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CBD, the non-psychoactive element of marijuana and legal extract of hemp is being hailed by many as the wonder drug of the 21st century. But there’s either limited or no evidence of its effectiveness for a wide range of disorders including insomnia and pain relief. Some sellers also outrageously claim it can be used in the treatment of cancer, AIDS, and multiple sclerosis. There’s not a shred of proof for this.

CBD, though legal in some forms throughout the US, is not approved for treatment by the US Food and Drug Administration (FDA), except for the seizure control drug Epidiolex. But that hasn’t stopped scammers from making outrageous cure claims, which has led the agency to issue warnings to several product makers and sellers.

Furthermore, the spread of legalization of the psychoactive extract THC — the compound that makes users ‘high’ — is likely to lead to even more shocking claims about effectiveness.

The biggest worry about the CBD scam is that the claims usually have the greatest appeal to people with chronic medical issues; precisely those who can least afford to gamble with their health. Using CBD — full name cannabidiol — as an alternative remedy could mean that a patient is not taking the medication they should be or it could complicate or defeat the effectiveness of prescribed medication.

The drug is usually sold as either a CBD tincture or edible product. In other cases, it may be mixed with other chemicals or herbs. That may be legal, but it’s the claims some sellers are making that put them on the wrong side of the law.  In one case, a seller allegedly made unsubstantiated claims that its product was “medically proven” and safe for all users and that it treated pain better than prescription products.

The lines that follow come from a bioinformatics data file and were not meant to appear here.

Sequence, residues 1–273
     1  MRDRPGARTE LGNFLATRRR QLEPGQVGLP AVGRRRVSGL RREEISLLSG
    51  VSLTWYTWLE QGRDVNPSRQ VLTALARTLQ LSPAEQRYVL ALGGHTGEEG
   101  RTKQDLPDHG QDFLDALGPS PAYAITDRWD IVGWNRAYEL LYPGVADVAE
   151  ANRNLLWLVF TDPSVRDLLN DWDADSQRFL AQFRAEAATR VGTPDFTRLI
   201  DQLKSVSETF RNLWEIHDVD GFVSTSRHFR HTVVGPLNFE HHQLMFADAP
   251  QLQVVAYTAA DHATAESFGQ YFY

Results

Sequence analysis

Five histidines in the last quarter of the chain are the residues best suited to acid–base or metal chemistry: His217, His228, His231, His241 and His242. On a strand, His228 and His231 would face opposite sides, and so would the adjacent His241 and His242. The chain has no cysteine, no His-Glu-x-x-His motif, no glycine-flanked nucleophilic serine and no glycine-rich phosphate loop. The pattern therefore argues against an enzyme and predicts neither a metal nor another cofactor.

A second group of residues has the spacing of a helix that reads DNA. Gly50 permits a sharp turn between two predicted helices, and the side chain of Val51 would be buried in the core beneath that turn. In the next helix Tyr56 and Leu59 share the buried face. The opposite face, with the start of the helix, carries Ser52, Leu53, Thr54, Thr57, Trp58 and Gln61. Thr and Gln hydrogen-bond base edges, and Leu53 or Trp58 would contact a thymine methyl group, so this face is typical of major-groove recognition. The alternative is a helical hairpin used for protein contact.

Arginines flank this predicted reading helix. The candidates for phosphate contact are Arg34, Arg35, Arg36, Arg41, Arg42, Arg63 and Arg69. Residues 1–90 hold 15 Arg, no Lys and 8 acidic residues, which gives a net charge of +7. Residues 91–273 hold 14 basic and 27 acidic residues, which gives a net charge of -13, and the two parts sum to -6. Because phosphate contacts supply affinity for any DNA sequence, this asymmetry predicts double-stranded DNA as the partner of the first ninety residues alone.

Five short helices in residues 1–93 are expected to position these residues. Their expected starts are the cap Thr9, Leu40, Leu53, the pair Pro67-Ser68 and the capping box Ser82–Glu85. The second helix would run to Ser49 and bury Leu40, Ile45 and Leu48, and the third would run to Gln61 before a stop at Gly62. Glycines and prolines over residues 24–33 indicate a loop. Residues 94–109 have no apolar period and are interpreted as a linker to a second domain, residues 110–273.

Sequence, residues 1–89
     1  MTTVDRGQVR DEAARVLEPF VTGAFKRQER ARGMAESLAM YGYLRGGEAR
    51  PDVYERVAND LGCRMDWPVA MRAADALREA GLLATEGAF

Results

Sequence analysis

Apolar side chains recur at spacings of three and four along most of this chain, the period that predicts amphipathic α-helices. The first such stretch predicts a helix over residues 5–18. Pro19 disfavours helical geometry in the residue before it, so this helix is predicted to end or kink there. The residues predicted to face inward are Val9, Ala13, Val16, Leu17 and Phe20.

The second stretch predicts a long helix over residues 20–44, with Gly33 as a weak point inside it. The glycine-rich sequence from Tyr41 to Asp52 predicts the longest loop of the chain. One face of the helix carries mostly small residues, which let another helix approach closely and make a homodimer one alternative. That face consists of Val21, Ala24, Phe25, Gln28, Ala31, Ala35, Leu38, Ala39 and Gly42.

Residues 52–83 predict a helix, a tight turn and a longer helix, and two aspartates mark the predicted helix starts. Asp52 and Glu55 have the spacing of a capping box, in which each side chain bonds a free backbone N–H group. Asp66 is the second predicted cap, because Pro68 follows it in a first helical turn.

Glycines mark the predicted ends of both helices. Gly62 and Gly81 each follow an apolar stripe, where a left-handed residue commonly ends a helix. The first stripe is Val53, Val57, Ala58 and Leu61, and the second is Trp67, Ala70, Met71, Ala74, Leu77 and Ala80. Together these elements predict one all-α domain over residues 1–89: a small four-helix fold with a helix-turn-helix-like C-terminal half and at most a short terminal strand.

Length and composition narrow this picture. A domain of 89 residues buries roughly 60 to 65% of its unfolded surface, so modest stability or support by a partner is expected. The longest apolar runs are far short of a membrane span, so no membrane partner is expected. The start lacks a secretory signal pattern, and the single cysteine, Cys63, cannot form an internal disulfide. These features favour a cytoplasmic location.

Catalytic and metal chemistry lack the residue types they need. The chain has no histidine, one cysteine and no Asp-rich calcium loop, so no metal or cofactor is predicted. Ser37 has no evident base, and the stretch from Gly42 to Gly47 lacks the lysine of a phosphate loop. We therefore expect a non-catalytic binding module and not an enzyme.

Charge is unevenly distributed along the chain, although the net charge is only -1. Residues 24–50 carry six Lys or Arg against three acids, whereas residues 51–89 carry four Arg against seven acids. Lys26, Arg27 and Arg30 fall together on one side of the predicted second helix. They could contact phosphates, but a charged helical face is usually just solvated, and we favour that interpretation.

Now the US Federal Trade Commission (FTC) has stepped in with a crackdown in a campaign it has labeled “CBDeceit.

If you’re considering taking CBD or a product containing it, use the following steps to avoid a scam:

  • Take any claims that a CBD-based product is scientifically proven to cure or treat your symptoms with a pinch of salt.
  • Always talk to your doctor or health specialist about any alternative remedies you are considering using.
  • Don’t stop taking any existing meds without checking with your health professional.
  • Don’t fall for ads that claim their product is “guaranteed” to treat your condition or illness.
  • Learn and understand more about the FDA’s concerns and the current legal position on drug approval.

“Companies that represent expressly or by implication that what they sell can prevent, treat, or cure serious medical conditions will be held to the highest substantiation standards,” FTC says, “and marketers can expect careful scrutiny of those promises.”

Even so, the FDA acknowledges “the potential therapeutic opportunities that cannabis or cannabis-derived compounds could offer” and that there is “significant interest in these possibilities.”

Investigations and research of CBD are ongoing, spearheaded in the US by the Center for Drug Evaluation and Research (CDER). CDER remains concerned that consumers may put off getting important medical care, such as proper diagnosis, treatment, and supportive care due to unsubstantiated claims associated with CBD products. For that reason, it’s important that consumers talk to a health care professional about treatment options scientifically proven to be effective.

If you need assistance with understanding any aspects of CBD ‘Cure’ Claims, contact us via our website at:  http://www.svcinthevillages.org/